Throwback Thursday: Riding The Bullet (2004)

“The Bullet is constant.”

Released in 2004, Stephen King’s Riding The Bullet is a generic thriller that tries desperately to be more than it is. The film has flashes of brilliance that are spread too far apart by long sequences of awkward interactions, failed attempts at art house-styled scenes, and mundane moments. It was directed and adapted by Mick Garris and starred Jonathan Jackson, David Arquette, Barbara Hershey, Matt Frewer, Erika Christensen, and Nicky Katt.

In the film, Jackson portays Alan Parker, an art student who gets into an argument with his girlfriend, tries to commit suicide, and then ends up hitchhiking home to see his dying mother. While hitchhiking, Alan meets a number of unique characters, may or may not have a few hallucinations, gets chased by murderous rednecks, and eventually rides shotgun with a phantom who gives him a choice: your life or your mother’s life.

Garris was already familiar with adapting and directing King’s work for both the big and small screen. He directed the 1992 film adaptation of King’s Sleepwalkers and also directed and/or wrote/produced a number of television shows and mini-series based on King’s work including The Stand (1994), Quicksilver Highway (1997) and The Shining (1997). He also worked on shows like Amazing Stories (1985) and She-Wolf Of London (1990), so his bizarre direction of Bullet has me a bit perplexed.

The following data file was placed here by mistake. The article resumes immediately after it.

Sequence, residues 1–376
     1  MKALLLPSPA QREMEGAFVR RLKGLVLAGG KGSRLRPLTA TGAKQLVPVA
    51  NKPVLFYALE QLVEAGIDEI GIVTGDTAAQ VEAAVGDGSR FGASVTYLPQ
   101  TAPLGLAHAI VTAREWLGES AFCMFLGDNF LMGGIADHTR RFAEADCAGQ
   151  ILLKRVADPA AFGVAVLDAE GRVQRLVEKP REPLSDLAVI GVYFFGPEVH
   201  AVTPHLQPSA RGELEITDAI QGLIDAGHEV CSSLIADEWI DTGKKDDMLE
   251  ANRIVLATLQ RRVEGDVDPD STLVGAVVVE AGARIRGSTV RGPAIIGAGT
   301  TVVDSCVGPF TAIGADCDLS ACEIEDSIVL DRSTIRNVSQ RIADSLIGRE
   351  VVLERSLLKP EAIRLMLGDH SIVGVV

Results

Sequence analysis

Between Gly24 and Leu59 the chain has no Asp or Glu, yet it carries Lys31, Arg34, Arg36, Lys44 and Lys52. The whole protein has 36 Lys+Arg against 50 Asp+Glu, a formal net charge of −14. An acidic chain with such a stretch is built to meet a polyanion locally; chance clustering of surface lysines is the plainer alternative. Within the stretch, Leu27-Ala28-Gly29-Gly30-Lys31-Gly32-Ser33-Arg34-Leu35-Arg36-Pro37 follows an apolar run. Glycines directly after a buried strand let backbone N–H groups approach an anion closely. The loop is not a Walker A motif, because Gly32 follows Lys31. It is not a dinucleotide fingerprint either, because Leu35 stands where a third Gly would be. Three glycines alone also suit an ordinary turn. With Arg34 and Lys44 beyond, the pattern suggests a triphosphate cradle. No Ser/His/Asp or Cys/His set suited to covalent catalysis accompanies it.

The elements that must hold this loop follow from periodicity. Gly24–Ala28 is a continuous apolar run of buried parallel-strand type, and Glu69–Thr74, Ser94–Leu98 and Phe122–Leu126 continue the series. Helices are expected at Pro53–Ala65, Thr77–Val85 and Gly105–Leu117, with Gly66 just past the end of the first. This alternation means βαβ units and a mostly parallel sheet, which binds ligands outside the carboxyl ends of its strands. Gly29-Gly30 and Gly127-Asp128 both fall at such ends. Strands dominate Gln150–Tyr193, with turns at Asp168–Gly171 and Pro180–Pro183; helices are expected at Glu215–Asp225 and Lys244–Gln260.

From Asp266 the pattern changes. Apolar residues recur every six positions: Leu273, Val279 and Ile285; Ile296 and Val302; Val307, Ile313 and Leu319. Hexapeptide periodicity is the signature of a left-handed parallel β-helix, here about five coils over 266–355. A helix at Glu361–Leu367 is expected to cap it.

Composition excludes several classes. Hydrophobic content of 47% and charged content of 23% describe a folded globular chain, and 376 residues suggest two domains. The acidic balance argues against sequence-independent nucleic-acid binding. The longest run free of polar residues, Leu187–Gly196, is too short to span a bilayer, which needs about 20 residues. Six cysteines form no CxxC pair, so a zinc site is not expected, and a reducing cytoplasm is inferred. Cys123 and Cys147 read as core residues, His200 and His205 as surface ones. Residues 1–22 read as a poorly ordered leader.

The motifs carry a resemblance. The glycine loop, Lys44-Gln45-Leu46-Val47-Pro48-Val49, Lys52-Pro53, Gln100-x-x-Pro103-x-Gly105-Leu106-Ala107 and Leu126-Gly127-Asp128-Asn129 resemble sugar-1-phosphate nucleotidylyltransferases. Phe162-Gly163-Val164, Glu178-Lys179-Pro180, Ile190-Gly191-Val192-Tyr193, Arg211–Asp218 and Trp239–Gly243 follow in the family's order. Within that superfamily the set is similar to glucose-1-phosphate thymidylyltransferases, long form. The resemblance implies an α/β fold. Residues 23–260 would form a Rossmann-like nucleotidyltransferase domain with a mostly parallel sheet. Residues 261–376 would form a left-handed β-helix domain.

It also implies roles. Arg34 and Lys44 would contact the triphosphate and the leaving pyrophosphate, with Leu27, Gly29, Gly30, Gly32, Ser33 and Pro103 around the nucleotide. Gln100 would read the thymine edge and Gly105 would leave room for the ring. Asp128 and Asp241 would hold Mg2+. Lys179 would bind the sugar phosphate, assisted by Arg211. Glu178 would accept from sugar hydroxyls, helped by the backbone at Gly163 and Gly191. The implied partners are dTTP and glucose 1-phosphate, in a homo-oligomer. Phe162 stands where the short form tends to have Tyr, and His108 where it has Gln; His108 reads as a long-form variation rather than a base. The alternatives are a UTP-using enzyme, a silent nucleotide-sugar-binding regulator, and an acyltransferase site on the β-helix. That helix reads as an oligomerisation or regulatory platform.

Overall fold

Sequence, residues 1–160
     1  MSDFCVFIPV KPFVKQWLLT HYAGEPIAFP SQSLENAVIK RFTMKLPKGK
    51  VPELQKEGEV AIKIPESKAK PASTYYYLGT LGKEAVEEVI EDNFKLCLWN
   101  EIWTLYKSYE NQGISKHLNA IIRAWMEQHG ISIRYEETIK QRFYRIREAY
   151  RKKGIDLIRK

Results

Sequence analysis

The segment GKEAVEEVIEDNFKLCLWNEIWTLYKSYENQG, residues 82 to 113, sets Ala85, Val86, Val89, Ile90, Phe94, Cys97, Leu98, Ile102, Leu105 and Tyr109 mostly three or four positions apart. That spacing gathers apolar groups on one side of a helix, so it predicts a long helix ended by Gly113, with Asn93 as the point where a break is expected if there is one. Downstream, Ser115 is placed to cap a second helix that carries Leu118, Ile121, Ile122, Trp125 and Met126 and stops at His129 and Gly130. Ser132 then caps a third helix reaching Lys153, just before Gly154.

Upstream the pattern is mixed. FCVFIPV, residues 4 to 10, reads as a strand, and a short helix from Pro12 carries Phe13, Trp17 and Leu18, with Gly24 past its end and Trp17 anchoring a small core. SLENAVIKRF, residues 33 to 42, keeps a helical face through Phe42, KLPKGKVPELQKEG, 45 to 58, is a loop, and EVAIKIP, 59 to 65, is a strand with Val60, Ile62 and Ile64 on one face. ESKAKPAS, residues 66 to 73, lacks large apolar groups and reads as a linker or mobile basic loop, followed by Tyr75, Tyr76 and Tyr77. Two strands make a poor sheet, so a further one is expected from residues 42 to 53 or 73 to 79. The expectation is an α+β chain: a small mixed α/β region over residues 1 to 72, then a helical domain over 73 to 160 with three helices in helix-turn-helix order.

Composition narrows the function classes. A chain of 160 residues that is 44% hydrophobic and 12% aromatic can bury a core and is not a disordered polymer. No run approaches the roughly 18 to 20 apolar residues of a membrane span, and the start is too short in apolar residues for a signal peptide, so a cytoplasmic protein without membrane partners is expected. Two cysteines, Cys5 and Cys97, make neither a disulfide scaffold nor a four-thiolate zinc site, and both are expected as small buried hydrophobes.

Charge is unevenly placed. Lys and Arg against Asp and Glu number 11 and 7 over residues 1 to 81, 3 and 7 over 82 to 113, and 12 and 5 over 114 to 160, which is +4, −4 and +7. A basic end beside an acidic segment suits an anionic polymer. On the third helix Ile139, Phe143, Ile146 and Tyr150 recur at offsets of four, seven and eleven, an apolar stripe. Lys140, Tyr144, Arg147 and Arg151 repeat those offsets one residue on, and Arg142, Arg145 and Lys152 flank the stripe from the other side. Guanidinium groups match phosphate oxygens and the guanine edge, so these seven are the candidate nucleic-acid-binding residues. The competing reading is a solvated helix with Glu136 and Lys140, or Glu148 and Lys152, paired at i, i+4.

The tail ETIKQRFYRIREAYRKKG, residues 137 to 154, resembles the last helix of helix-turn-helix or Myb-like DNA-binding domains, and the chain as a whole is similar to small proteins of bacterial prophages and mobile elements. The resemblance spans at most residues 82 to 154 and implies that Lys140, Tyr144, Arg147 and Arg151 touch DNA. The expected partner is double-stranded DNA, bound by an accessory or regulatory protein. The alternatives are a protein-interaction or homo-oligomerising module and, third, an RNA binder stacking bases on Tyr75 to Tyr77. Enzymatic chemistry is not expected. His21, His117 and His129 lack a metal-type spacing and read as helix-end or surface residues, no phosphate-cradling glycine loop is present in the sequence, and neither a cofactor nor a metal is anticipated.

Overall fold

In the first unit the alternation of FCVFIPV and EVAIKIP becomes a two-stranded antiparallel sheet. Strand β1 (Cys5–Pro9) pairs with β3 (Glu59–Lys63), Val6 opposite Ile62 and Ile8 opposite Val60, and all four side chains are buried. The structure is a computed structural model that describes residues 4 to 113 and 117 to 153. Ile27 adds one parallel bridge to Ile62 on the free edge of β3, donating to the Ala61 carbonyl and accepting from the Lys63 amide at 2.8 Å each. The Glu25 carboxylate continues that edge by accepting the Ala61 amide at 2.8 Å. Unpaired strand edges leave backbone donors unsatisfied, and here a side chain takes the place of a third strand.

The film just can’t seem to find its rhythm. It throws in bizarre sequences where Alan has a conversation with his conscious, a literal second Alan that pops up throughout the film, that become increasingly more annoying with each interaction. It has a lot of misplaced or just plain dumb jump scares as well.

The film’s acting is pretty bad as well. Jackson isn’t a bad actor. He just cannot carry this film for some reason. Matt Frewer’s brief appearance feels forced and is poorly executed. Erika Christensen never really gets to show off her acting chops. Cliff Robertson’s role as an extremely creepy, elderly fellow that picks up Alan is awkward. Perhaps confusing everyone with bizarre characters was Garris’ intention. If so, he nailed it. If he was doing anything else, he failed miserably.

Not all of the performances were bad. Nicky Katt shines as a draft dodger who picks up Alan on his way to see his mother. Barbara Hershey is also quite excellent as Alan’s mother. The real star here is David Arquette, who plays against type as George Staub, a fifties-styled greaser who gives Alan the last ride to the hospital. The kicker? Staub is dead and is in town to take a soul with him to the afterlife. He uses fear, humor, and rage to manipulate Alan and he does a fine job of it in this film.

It’s a shame that this film is such a dud. It has a solid cast, an experienced director, and source material from one of horror’s living legends. It ultimately doesn’t translate well to the screen, however, and makes this one of my least favorite Stephen King adaptations.

Did you enjoy Riding The Bullet? let me know in the comments section. As always, thanks for reading.